Making sure public places are safe for public consumption may be even trickier than reopening offices. Apple's been testing its playbook in China, and O'Brien said its policies have been working. Some of the rules — masks, temperature checks, lines down the block for every store — are just going to be facts of life for a while.
A MESSAGE FROM WALMART
How Walmart Is Promoting A Safer Store Environment
The retailer has expanded paid leave policies, closed stores for overnight cleaning, installed plexiglass barriers and social distance markers and introduced temperature checks for associates.
Money keeps rolling in at Reliance
Do you have lots of money? India's Reliance Industries will probably take it. Over the weekend, Jio Platforms, a tech subsidiary of the Indian conglomerate, raised $870 million from General Atlantic, the private equity firm that has also invested in Facebook, Slack, Uber, Airbnb and others.
Let's just quickly recap Reliance's deals from the last several weeks:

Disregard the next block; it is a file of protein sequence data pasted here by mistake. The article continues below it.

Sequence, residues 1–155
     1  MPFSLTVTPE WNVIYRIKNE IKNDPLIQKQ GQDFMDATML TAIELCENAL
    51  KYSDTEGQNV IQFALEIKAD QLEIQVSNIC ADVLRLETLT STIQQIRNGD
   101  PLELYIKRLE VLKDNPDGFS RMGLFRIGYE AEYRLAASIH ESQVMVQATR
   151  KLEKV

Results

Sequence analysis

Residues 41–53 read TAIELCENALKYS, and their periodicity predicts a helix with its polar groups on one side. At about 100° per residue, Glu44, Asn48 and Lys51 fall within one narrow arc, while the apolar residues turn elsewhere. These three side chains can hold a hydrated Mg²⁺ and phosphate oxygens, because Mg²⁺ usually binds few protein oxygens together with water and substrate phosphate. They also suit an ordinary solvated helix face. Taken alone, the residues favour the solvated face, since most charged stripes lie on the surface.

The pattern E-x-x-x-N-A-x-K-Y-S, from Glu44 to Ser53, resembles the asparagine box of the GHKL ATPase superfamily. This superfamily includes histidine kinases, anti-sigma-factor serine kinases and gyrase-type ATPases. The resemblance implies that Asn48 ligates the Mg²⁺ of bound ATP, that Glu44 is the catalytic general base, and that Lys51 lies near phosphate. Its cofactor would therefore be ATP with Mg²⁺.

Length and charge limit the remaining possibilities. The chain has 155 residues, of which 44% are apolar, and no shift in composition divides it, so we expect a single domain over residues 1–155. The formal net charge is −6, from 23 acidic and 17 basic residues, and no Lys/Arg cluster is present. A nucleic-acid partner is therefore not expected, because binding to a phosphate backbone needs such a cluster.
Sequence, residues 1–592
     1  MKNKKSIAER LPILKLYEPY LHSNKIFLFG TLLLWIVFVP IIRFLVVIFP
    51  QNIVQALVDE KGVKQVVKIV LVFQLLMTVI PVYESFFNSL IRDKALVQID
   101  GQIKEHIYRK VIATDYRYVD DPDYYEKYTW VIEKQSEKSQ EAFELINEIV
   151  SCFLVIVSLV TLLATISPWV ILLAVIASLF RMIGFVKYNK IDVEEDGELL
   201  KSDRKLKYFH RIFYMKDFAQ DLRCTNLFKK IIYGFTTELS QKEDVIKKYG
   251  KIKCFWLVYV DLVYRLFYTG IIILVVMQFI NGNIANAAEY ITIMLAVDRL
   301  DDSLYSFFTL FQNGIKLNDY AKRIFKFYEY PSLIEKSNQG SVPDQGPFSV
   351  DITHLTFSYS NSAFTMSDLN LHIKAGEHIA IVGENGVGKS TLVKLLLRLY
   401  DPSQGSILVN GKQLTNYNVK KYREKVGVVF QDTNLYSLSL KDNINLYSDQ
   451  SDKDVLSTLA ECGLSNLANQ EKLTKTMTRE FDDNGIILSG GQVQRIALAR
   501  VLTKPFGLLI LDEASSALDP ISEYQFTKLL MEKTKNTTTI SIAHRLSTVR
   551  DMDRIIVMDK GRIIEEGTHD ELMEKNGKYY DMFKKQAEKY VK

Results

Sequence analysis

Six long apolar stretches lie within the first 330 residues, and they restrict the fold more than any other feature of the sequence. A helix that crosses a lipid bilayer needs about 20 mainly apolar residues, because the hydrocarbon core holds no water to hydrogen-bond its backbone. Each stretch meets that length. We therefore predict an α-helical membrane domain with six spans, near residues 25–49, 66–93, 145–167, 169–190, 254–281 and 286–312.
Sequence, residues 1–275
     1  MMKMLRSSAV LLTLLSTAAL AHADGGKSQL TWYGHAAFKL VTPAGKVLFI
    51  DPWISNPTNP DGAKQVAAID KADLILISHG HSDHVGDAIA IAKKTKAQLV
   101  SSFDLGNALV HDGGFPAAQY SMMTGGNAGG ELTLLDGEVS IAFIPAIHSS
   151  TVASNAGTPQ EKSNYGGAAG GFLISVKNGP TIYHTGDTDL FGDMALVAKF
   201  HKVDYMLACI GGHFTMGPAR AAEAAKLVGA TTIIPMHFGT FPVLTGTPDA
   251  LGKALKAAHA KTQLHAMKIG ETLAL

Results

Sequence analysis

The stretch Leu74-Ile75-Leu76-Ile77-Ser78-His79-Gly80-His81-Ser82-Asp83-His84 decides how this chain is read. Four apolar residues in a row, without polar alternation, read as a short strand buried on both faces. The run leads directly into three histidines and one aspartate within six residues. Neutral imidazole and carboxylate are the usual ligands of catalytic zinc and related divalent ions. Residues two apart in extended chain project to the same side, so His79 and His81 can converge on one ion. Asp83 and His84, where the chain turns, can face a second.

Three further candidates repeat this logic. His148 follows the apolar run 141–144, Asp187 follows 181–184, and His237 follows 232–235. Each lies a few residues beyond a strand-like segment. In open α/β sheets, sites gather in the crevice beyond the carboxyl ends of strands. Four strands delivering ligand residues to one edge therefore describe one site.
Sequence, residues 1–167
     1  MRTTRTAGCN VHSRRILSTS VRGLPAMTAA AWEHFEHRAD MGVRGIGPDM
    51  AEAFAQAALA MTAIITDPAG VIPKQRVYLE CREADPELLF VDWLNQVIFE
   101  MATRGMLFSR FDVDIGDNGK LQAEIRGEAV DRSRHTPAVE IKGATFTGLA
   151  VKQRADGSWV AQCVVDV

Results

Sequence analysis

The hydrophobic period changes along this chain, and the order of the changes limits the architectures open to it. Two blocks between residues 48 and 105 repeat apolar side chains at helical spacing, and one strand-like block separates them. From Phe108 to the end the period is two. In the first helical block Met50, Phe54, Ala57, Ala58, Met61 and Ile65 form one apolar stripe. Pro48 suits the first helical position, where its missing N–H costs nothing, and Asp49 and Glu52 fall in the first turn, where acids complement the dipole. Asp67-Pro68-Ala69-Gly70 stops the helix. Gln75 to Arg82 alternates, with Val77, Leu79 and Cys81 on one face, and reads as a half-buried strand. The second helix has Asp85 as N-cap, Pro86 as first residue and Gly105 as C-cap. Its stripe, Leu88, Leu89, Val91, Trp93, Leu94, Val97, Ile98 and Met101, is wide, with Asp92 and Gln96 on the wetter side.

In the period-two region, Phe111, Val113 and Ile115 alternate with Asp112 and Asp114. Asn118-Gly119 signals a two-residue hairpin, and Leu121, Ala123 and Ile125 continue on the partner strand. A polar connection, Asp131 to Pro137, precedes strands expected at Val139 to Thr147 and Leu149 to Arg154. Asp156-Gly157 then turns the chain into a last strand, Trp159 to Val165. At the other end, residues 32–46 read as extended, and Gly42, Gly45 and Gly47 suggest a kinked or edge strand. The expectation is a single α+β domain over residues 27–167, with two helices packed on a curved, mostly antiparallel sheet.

- On April 21, Jio raised $5.7 billion from Facebook, in exchange for about a 10% stake in the company.
- Less than two weeks later, Jio took another $746 million from Silver Lake, valuing the company at about $65 billion — which meant Facebook's investment went up about 12% in 12 days.
- Four days after that, private equity firm Vista put $1.5 billion into the company at the same valuation.
That gives Jio just shy of $9 billion in new capital when you include the General Atlantic deal. Reliance said it wants Jio to become "a global technology leader and among the leading digital economies in the world."
- The bet is simple, really: As India continues to develop the "Digital Society" that Reliance chairman Mukesh Ambani keeps promising, the sheer size of the country will mint at least a few impossibly huge companies. If China's history is any indication, some or all of those companies will be homegrown. And who'd bet against Reliance and Jio?